Governor's Announcement Underlines The Importance Of The Alliance's "Meet Alaska" and Other Energy Conferences
|ADN by Governor Sean Parnell (NGP Photo).
For the first time in Alaska's history, we have the framework in place to build the Alaska liquefied natural gas (LNG) project on Alaska's terms and in Alaskans' interests.
We have the necessary parties to make the Alaska LNG project go: three producers, a pre-eminent Arctic pipeline builder, an entity that will carry Alaskans' interests (Alaska Gasline Development Corp.) and state agencies responsible for royalties and taxes.
Alaska and Canada are fortunate to host a number of northern energy/mineral natural resource conferences throughout the year.
These events bring government, industry, the media and public together providing updated information and technology advances along with networking opportunity.
In Alaska, the major natural resource conferences include the Alaska Support Industry Alliance's annual Meet Alaska conference; Resource Development Council for Alaska's annual Alaska Resources Conference; the Alaska Miners Association annual conference; and, the annual Alaska Oil & Gas Congress, among others.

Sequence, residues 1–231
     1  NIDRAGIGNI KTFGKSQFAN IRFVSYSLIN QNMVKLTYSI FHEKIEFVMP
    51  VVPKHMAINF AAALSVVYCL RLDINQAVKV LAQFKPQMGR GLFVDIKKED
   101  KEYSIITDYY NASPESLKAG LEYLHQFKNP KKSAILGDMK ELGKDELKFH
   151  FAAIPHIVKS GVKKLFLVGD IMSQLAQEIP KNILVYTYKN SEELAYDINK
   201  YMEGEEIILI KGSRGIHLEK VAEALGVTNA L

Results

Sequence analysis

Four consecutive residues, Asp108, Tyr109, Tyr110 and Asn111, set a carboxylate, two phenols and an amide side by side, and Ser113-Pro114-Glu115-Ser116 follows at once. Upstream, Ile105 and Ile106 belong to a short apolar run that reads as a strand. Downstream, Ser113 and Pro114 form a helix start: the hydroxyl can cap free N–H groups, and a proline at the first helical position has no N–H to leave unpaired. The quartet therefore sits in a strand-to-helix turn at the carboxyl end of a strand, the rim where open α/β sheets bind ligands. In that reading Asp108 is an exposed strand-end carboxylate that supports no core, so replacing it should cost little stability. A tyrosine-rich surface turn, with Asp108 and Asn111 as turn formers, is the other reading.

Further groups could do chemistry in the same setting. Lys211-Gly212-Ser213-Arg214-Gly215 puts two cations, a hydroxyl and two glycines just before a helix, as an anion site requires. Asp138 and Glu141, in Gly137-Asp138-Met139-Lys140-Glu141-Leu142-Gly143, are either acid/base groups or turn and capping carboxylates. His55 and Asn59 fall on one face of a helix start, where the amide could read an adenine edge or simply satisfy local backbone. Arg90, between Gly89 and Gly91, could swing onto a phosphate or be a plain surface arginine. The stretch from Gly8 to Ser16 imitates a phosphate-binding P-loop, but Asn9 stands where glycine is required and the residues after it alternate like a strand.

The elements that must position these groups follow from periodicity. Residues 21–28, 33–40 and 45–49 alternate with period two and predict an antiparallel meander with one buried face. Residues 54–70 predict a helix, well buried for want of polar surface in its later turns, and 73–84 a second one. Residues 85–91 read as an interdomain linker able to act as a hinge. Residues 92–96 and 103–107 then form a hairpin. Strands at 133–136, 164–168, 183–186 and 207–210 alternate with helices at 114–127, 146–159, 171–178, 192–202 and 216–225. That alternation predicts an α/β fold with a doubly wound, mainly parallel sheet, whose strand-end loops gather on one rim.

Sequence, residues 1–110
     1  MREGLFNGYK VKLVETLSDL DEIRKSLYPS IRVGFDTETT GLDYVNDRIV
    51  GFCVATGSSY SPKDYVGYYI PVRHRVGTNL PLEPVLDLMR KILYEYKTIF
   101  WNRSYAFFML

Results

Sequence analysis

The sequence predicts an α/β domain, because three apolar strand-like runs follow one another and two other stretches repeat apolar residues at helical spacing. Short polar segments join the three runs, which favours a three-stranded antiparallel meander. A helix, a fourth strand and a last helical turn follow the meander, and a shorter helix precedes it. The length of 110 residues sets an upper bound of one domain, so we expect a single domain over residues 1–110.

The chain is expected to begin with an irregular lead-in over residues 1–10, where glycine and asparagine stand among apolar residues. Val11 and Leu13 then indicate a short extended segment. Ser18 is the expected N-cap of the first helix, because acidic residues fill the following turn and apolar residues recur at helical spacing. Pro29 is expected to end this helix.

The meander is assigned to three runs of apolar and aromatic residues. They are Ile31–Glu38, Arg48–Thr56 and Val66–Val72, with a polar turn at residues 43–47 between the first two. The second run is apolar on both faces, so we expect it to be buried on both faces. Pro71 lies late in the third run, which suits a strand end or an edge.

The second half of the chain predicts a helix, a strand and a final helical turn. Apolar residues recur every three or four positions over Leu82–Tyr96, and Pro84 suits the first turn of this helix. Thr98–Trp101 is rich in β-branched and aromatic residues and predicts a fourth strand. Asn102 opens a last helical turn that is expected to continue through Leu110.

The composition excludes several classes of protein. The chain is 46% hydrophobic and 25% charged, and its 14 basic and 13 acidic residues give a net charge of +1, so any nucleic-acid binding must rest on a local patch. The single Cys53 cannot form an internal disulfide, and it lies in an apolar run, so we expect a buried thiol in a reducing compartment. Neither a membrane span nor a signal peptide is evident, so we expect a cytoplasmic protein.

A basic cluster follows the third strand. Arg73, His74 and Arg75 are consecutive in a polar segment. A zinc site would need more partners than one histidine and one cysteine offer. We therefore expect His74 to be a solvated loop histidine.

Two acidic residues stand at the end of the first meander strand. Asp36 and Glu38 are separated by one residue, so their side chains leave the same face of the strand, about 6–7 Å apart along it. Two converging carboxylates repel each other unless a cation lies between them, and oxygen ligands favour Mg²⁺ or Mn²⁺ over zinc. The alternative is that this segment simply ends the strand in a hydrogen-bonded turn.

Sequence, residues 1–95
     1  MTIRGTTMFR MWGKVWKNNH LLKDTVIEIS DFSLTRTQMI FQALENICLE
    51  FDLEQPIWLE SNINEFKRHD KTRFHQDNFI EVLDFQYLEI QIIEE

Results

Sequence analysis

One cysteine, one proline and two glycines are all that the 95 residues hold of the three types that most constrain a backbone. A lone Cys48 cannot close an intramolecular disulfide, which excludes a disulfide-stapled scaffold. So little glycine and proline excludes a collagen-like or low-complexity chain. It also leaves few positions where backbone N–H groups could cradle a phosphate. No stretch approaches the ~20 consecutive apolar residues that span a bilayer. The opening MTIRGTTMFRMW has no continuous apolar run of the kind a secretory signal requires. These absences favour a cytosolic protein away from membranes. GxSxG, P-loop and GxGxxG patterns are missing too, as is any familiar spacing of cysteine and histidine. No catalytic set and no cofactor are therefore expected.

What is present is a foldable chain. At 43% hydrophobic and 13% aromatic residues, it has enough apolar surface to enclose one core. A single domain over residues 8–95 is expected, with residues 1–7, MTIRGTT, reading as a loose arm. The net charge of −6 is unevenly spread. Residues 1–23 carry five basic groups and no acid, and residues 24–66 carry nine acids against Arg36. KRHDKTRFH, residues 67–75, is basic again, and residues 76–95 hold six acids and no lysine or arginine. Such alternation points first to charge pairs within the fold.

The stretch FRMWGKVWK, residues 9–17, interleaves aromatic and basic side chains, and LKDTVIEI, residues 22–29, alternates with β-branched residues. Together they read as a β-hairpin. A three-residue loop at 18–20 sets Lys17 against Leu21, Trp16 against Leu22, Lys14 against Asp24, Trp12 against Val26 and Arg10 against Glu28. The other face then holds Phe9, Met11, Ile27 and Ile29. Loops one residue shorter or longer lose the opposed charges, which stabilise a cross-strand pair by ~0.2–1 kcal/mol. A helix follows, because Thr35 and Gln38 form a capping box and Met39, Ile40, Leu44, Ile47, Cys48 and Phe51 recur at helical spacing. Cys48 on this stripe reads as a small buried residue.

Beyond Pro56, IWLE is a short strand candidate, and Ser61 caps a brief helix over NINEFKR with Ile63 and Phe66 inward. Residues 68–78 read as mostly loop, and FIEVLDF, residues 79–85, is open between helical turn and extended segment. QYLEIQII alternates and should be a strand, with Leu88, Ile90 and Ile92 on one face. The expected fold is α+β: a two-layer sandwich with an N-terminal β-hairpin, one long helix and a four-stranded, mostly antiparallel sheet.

We have seen major natural resource announcements flow from many of these meetings and last week's Meet Alaska gathering was no exception.
By now the public is pretty well aware of Governor Sean Parnell's announcement at Meet Alaska last Friday, that the state would seek equity participation in a pipeline/LNG project, that an earlier agreement with TransCanada would be discontinued and that all the major parties have aligned their interests.
While we joined most in the room -- responding enthusiastically to the Governor's announcement and initiative -- astute observers of gas pipeline politics over the years know that he and the Legislature face a number of remaining hurdles.